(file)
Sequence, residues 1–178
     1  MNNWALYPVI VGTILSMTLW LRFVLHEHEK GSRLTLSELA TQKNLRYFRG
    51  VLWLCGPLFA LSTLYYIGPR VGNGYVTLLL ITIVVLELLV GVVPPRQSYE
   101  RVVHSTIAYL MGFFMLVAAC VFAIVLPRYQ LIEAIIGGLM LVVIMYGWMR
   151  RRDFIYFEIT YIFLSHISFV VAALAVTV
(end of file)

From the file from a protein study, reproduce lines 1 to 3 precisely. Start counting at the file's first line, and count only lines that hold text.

Sequence, residues 1–178
     1  MNNWALYPVI VGTILSMTLW LRFVLHEHEK GSRLTLSELA TQKNLRYFRG
    51  VLWLCGPLFA LSTLYYIGPR VGNGYVTLLL ITIVVLELLV GVVPPRQSYE